The Indonesian Independence day is celebrated to a lesser extent in Bali than in the rest of Indonesia, but especially in the larger towns you have a good chance of experiencing celebrations.


Independence Day is celebrated on August 17. The day when freedom fighters Soekarno and Hatta proclaimed the independence of Indonesia from the Dutch and Japanese authorities. People decorate their house and the streets with red and white ornaments which represent the colors of Indonesian flags. The Indonesian has various ways to celebrate it, both formally and informally.

Formally, Indonesians celebrate Independence Day by doing flag ceremonies in schools and offices. Students are gathered in the field wearing uniforms, singing national anthems, praying for the late national heroes and reread the proclamation text. Similar activities are carried out at offices; both in governmental and private offices where workers gather to flag ceremonies in front of their offices.

After the flag ceremonies, the more informal celebrations start with all kind of competitions taking place. The competitions include kerupuk (shrimp chips) eating, climbing palm trees greased with oil, sack races, getting nailed tied to a string into a bottle and many other party games. In addition to being entertaining all the games also has symbolic value and serves as reminder of the time before Indonesia had its independence. For example, eating kerupuk is a reminder of how people lived in poverty during the colonization. Climbing the palm tree symbolizes the effort it took to gain independence. The competitions are joined by people of all ages, genders, and professions. The young and old, men and women, students and workers, the rich and commoners are all joining in.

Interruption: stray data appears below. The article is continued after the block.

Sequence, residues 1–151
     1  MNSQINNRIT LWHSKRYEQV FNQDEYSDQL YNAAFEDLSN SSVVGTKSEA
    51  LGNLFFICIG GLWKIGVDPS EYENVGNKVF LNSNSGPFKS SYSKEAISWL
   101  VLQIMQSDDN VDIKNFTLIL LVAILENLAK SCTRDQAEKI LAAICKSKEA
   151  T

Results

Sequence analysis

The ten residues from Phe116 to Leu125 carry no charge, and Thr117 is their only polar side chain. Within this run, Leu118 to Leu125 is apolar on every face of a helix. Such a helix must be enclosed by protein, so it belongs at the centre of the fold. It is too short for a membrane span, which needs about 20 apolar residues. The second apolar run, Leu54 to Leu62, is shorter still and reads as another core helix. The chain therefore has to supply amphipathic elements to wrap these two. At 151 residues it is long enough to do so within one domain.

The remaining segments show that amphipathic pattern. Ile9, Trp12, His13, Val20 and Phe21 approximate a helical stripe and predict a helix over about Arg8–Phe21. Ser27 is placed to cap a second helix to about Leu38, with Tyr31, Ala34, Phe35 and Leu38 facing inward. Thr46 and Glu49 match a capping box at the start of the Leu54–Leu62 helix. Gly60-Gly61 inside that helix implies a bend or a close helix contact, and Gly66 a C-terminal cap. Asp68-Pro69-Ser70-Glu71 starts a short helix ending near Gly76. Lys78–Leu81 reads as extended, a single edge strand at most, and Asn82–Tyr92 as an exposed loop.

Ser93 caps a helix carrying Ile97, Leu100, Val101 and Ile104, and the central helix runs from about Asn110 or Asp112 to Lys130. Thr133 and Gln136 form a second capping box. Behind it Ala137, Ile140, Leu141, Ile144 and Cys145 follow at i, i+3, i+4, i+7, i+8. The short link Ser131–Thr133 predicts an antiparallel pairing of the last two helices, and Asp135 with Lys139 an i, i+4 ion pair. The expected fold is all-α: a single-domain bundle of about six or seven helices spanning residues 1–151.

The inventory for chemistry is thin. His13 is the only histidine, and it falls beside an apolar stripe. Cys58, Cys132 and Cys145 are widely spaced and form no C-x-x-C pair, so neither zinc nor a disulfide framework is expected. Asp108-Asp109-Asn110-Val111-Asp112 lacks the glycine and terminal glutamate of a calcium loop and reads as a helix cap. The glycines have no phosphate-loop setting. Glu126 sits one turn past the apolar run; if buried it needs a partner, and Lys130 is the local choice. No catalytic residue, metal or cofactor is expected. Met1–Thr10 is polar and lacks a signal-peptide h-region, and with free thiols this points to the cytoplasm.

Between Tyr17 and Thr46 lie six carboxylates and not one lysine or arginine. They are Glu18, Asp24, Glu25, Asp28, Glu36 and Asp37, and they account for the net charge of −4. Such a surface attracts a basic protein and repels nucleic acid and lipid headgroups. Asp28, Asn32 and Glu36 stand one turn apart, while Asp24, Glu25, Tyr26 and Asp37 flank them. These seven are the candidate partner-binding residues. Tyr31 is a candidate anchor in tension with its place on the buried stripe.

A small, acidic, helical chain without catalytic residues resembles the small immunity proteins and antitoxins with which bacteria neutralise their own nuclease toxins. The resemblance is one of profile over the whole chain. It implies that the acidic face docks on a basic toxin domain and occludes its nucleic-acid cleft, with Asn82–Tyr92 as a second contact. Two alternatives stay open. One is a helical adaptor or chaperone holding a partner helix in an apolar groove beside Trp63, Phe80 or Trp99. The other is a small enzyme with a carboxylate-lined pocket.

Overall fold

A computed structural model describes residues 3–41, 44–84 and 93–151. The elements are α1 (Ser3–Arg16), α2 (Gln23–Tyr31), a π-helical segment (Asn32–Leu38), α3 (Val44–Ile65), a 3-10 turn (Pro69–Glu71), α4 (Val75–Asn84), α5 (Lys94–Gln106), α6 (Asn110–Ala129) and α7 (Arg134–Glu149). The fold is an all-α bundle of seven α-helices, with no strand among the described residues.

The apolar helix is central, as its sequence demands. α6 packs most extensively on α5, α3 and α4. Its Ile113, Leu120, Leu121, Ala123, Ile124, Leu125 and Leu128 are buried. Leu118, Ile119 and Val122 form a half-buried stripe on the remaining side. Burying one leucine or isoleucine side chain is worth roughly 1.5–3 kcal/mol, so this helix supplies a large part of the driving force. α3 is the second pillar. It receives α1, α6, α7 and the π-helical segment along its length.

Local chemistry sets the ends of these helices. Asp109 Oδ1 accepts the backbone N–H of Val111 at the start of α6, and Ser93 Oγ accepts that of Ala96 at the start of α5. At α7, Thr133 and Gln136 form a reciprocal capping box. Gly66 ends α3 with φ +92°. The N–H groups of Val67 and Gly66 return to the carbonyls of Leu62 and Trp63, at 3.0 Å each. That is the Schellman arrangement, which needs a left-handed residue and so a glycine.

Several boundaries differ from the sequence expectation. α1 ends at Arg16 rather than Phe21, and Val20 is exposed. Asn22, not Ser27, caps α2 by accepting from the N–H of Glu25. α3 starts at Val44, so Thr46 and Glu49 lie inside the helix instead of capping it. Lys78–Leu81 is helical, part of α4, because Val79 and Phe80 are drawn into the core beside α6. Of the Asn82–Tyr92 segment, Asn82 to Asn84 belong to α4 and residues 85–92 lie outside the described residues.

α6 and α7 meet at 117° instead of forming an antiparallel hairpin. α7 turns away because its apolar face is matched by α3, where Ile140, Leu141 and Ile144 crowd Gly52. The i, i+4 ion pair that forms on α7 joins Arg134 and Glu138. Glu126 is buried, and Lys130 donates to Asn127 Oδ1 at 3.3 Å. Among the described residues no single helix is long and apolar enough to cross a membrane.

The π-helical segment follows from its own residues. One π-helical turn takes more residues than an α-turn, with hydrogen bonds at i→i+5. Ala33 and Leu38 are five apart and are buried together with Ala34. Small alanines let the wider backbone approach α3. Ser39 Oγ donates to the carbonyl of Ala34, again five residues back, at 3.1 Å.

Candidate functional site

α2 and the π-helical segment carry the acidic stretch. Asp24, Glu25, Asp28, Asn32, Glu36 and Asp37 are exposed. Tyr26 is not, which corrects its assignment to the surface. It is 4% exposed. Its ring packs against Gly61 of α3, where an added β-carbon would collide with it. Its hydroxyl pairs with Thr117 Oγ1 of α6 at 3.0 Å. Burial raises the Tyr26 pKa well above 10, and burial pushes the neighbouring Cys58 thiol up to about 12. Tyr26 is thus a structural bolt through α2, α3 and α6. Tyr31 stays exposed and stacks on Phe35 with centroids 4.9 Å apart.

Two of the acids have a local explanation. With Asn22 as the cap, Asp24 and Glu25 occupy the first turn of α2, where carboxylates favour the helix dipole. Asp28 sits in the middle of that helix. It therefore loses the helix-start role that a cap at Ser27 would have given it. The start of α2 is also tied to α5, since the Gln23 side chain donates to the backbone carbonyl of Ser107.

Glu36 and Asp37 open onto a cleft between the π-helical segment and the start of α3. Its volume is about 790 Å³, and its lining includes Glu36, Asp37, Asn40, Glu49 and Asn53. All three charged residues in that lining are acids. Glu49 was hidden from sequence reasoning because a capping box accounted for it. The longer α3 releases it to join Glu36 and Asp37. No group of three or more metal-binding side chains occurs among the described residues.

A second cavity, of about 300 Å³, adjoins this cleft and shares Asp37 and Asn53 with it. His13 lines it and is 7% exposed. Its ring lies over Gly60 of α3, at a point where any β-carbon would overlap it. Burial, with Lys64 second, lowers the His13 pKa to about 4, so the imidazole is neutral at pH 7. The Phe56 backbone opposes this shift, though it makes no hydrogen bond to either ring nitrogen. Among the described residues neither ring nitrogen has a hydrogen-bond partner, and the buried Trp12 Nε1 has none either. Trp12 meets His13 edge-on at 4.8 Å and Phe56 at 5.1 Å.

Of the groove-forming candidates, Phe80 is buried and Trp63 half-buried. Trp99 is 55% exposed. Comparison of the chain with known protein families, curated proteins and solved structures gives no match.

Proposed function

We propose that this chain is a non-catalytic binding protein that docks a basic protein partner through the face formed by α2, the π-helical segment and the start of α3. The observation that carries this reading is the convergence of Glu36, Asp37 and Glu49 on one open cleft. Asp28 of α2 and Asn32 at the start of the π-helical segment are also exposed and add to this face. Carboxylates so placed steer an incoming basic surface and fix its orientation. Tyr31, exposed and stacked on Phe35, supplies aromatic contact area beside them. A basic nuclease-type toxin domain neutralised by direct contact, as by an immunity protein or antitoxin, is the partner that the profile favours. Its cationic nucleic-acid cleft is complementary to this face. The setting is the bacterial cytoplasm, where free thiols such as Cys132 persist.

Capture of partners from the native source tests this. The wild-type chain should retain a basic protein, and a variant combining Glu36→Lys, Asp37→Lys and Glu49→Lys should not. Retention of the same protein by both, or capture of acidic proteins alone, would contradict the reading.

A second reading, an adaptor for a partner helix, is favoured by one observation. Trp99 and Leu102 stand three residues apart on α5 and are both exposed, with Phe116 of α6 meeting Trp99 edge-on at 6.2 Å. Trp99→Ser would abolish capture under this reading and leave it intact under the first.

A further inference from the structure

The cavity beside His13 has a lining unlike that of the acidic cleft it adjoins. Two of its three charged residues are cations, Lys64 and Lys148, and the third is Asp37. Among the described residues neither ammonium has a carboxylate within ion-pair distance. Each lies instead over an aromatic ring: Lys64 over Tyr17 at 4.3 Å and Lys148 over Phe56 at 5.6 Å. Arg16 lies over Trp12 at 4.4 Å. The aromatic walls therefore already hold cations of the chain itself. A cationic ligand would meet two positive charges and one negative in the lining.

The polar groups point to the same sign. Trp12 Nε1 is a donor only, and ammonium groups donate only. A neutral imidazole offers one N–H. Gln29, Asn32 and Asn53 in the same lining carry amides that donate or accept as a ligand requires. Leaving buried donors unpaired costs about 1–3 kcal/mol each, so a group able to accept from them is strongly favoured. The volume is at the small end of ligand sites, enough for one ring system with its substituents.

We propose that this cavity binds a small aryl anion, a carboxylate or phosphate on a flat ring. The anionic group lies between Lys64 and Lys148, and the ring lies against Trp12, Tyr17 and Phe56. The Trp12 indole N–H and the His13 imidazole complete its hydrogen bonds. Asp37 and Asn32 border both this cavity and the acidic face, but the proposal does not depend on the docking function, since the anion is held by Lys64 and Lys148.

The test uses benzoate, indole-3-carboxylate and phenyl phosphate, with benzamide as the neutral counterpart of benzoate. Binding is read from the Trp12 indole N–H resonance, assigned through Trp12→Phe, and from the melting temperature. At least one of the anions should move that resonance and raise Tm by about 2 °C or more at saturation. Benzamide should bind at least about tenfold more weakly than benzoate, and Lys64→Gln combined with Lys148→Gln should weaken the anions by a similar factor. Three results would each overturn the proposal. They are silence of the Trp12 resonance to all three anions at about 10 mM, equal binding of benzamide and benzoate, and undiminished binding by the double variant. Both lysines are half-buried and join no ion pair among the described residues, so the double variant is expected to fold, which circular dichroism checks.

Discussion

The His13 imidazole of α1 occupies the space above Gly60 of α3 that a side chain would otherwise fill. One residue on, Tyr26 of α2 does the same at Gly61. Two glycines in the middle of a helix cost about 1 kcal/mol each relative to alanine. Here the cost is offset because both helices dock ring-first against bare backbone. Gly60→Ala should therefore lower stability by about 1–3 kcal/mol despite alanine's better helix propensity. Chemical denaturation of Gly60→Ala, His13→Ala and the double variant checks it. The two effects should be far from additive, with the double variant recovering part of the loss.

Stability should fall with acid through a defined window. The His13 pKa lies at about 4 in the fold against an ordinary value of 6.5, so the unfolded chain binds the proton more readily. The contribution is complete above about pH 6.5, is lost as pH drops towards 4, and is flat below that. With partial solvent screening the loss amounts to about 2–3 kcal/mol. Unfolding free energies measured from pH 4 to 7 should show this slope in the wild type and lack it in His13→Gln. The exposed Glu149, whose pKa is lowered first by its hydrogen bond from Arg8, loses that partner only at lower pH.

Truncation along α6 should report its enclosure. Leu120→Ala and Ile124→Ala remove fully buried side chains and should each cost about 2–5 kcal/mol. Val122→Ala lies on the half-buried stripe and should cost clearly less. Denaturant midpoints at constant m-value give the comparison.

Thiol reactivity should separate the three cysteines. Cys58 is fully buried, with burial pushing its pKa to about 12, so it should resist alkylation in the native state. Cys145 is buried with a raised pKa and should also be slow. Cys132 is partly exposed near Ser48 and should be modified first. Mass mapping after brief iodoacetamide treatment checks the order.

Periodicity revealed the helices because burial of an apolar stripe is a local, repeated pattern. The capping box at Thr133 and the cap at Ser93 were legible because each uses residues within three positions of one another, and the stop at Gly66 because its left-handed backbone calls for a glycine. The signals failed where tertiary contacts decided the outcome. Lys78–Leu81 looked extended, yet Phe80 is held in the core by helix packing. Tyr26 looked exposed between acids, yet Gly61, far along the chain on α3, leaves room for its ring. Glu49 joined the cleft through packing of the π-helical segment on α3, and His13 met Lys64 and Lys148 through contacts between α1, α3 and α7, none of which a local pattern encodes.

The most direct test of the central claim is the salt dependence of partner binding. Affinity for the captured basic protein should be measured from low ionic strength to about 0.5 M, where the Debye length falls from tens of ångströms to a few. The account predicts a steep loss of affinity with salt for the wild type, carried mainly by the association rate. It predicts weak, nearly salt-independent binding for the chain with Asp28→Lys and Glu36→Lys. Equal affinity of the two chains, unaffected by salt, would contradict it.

In Bali, the celebration of Independence Day is not as excessive as in other Indonesian provinces. The Balinese usually decorate their house in red and white decoration and put a flag in front of their house and school kids and workers attend the flag. But unlike most of Indonesia competitions are only in some areas, mainly in the larger towns.

Some of the younger Balinese celebrate Independence Day by going to concerts or doing philanthropic acts like visiting an orphanage, a senior citizens home or by donating blood.